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Can any electric motor be variable speed?

Can any electric motor be variable speed?

Electric motors play a vital role in numerous industries and applications, powering everything from industrial machinery to household appliances. One common question that often arises is whether all electric motors can operate at variable speeds. In this blog post, we'll delve into the concept of variable speed in electric motors and explore the factors that determine their ability to operate at different speeds.

Honestly, this is one of my favorite questions. We are really going to focus in on industrial electric motors. These are motors that move equipment such as fans, pumps, conveyors and extruders. There are other electric motors such as ones for automobiles and kids’ toys. Those are outside of the scope of this blog.

To comprehend the concept of variable speed motors, it's crucial to grasp the basic principle of electric motors. Electric motors convert electrical energy into mechanical energy through the interaction of magnetic fields. The speed at which an electric motor operates is determined by the frequency of the alternating current (AC) supplied to it. Traditionally, electric motors have operated at a fixed speed determined by the power supply frequency. AC industrial electric motors can be single speed or two speed. Single speed motors are more common, so we will focus on those.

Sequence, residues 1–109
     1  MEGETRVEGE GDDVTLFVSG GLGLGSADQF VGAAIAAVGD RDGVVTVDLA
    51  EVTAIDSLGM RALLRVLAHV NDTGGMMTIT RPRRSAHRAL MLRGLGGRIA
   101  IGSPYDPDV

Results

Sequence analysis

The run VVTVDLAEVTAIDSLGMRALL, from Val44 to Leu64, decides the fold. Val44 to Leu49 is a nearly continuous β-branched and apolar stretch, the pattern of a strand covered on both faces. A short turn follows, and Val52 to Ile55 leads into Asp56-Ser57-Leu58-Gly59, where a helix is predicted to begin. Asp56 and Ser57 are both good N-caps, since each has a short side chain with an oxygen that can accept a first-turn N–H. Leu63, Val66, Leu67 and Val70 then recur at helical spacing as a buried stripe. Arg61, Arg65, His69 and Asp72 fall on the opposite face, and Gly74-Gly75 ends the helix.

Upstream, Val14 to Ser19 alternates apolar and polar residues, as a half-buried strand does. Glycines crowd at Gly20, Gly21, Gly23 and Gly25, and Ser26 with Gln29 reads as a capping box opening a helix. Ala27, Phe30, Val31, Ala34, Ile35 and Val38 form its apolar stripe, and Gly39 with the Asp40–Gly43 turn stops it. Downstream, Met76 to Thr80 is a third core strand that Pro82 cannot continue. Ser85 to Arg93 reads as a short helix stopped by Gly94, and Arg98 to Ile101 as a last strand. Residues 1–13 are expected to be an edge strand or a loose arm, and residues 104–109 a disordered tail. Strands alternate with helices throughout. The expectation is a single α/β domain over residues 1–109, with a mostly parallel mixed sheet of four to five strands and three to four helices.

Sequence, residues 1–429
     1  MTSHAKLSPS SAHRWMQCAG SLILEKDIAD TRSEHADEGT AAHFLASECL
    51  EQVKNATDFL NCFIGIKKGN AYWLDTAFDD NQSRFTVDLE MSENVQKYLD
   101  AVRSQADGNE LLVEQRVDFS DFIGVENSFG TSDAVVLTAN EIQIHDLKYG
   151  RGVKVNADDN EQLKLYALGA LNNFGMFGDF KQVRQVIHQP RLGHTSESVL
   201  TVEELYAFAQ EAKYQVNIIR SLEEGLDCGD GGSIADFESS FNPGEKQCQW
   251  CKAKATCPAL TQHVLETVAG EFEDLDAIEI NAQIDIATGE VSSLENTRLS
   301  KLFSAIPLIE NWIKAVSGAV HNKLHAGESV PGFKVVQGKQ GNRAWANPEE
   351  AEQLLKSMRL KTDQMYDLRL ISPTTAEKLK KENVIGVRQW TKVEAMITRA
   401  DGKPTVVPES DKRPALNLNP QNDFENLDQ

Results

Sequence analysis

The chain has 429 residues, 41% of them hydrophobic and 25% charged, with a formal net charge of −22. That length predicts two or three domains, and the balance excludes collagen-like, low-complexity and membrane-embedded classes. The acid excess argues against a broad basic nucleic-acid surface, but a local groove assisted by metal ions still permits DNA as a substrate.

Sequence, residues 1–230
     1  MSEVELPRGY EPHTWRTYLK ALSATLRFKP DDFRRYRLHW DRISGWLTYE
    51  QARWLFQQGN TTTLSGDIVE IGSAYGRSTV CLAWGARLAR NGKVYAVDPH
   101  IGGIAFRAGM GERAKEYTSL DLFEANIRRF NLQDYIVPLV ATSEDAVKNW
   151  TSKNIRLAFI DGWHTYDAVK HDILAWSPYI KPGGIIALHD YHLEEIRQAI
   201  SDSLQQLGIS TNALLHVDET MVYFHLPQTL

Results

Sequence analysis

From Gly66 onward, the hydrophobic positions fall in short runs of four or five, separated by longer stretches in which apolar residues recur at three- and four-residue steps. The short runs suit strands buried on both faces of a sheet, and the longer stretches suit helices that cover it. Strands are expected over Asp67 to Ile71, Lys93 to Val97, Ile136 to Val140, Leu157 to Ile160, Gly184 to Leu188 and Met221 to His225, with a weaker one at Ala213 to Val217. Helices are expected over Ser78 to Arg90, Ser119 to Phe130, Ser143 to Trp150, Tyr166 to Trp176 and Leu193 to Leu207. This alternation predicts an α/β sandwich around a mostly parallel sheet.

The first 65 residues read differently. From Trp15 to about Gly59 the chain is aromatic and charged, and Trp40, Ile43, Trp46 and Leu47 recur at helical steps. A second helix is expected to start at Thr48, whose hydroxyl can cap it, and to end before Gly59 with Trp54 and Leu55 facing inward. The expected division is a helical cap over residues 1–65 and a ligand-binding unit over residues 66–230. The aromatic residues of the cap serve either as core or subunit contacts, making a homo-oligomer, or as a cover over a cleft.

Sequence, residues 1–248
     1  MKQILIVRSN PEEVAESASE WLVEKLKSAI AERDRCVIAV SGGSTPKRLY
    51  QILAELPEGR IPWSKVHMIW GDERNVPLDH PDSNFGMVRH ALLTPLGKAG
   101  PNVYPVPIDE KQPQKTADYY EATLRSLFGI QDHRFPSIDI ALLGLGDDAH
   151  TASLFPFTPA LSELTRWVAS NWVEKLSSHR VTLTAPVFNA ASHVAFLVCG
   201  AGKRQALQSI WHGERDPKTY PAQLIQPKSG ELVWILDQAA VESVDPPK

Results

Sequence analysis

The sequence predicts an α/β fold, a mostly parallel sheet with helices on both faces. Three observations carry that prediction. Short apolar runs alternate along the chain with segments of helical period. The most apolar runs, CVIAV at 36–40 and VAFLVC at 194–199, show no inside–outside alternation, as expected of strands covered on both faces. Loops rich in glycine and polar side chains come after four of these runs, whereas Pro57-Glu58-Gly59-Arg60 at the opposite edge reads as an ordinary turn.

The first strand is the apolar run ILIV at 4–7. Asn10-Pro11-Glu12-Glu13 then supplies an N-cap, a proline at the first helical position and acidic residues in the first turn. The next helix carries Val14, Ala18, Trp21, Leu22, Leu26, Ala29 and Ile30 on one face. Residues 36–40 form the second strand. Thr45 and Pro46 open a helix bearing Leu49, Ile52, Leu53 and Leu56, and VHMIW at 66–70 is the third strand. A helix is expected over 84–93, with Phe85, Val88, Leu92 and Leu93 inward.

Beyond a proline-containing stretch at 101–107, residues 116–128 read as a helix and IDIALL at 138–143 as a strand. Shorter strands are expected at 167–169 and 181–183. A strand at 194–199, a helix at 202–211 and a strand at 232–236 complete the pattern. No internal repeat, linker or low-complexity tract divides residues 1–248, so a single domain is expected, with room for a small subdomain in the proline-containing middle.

There are a few basic components that make up an industrial electric motor. The first is the frame, which is the body or housing of the motor. The frame contains the stator. The stator is made up of electrical steel and magnetizing material (typically copper wire) that, when electricity is applied, creates a magnetic field, or flux. This field is cycled through the motor through phases, creating a rotating magnetic field. Motors can have a single phase or three -phases. We will focus on the three phases because single-phase motors initiate the rotation using a capacitor.

The magnetic field rotating around the stator is only doing part of the work. The next major component to discuss is the rotor. This rotating component is made up of thin electrical steel sheets, called laminations, that are stacked together and occasionally skewed in a pattern to allow for the magnetic field to push and pull and force rotation of the rotor. The rotor is balanced on a shaft supported by two bearings. There is a slight air gap between the surfaces of the stator and the rotor to allow for minimal drag, which is only present due to the bearings rotating.

These main components: stator (stationary component creating magnetic field) and rotor (rotation component held by the shaft and bearings) are contained in the frame of the motor. The frame is the enclosure to protect the raw components from the environment.

While some electric motors are designed to operate at a fixed speed, advancements in technology have led to the development of variable speed motors. Variable speed motors, as the name suggests, allow users to adjust the speed of the motor according to their specific needs. These motors provide greater control and flexibility in various applications, enabling energy savings and improved performance.